Franklin County Jailer Billy Roberts said former University of Kentucky men's basketball coach Billy Gillispie is probably the highest-profile person booked at the jail since he’s been there. Roberts has been jailer since November 2006 but has been employed at the jail since 1986.
“He sure drew a lot of phone calls and attention,” Roberts said late Thursday morning. “Probably 10 people called me wanting his autograph, but we wouldn’t do that.”
Gillispie, 49, was arrested on U.S. 127 at 2:45 a.m. when someone spotted a white 2009 Mercedes with Texas plates driving erratically.
He was pulled over near the Walmart Supercenter in Lawrenceburg – about 4 miles from the Franklin County line. He was driving toward Franklin County.
Gillispie told police he'd been golfing, and he refused to take a blood alcohol test or a breathalyzer.
A passenger, 42-year-old Charles O'Conner, was also arrested and charged with alcohol intoxication, the station reported. O’Conner left the jail with Gillispie and his attorney.
Roberts said he didn’t talk to Gillispie, but going by reports from his deputies, Roberts said Gillispie “was very polite and cooperated. He really didn’t say a whole lot. He complied with everything we ask him.
“He was never placed in a cell. He stayed in a passive booking room. He didn’t request anything.”
Roberts said he didn’t think his deputies “were star-struck. I think they treated him like anybody else. I hope they did. That’s what I would want them to do.”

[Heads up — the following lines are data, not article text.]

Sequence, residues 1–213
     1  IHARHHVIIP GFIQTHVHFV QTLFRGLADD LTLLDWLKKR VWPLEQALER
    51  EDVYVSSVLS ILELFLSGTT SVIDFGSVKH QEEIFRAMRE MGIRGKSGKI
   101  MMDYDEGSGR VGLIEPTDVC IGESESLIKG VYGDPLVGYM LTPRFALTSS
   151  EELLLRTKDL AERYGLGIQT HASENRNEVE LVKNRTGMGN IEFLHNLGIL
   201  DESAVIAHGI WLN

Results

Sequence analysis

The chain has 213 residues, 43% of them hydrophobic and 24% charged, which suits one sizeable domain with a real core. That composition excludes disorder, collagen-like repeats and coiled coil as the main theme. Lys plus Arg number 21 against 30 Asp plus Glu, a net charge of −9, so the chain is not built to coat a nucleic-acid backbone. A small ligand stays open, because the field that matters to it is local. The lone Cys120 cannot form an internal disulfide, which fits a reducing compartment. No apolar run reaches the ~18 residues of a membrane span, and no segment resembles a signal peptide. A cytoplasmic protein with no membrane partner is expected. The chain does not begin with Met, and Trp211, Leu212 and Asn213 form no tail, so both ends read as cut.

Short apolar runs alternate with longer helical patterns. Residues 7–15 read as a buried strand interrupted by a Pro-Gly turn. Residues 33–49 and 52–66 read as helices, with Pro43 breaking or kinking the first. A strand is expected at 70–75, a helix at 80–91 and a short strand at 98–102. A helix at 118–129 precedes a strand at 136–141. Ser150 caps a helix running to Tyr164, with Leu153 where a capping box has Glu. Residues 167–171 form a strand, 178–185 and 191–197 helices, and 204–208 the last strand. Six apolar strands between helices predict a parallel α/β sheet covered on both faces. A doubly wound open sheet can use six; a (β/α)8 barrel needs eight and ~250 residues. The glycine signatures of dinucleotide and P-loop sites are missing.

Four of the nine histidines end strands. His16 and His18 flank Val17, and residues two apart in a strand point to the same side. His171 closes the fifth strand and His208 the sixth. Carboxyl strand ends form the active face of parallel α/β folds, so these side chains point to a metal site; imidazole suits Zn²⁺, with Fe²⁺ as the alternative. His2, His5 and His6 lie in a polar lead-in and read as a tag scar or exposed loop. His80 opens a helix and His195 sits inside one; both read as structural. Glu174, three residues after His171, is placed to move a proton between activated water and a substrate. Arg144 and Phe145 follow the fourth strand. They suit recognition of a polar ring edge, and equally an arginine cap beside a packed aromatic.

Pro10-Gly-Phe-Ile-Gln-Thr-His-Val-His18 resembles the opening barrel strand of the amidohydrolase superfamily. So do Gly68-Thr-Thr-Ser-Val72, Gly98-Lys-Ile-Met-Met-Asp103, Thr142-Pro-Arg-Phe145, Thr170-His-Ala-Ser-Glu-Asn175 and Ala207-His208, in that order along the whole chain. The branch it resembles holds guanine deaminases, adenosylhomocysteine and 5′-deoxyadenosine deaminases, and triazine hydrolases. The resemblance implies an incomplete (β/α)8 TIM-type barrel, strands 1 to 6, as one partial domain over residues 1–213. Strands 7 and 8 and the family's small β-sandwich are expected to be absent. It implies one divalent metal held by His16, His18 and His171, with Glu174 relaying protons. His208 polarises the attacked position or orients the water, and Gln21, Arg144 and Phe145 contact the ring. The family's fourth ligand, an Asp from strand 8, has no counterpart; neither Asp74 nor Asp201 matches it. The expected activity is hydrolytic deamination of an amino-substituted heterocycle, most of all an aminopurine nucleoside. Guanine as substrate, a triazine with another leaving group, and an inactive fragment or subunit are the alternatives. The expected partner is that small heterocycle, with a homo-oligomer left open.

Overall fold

He climbed into the back of a Jeep driven by his Louisville attorney, Darran Winslow, and left the facility without comment.
Most people exiting the local jail walk out a door. But Gillispie’s attorney was allowed to drive his black Jeep Wrangler into a secured sally port with two automatic doors – one for entering and the other for exiting – so Gillispie could avoid reporters and camera crews. The entrance door closed as soon the Jeep was inside.
Several minutes later, the exit door opened and Gillispie, a back seat passenger in the Jeep, was quickly driven away by Winslow. O’Conner was the front seat passenger.
When asked if Gillispie received preferential treatment exiting the jail, Roberts said, “he probably did just because of the way things were (with the media around). It was more of a security issue. It has been done in some other cases.”
Roberts said Gillispie was released on his own recognizance and he is scheduled to appear in Anderson County District Court on Sept. 23 at 9 a.m.
This is the third time Gillispie has been arrested on similar charges.
In 1999, he was charged with driving while intoxicated in Oklahoma, but pleaded guilty to a lesser charge of reckless driving. In 2003, he was arrested on suspicion of drunken driving, but police dropped the charges.
Gillispie was replaced by Memphis coach John Calipari this year after a rocky two-year tenure in which the Wildcats went 40-27. Last season's 22-14 mark tied for the second-most losses in the program's 106-year history.
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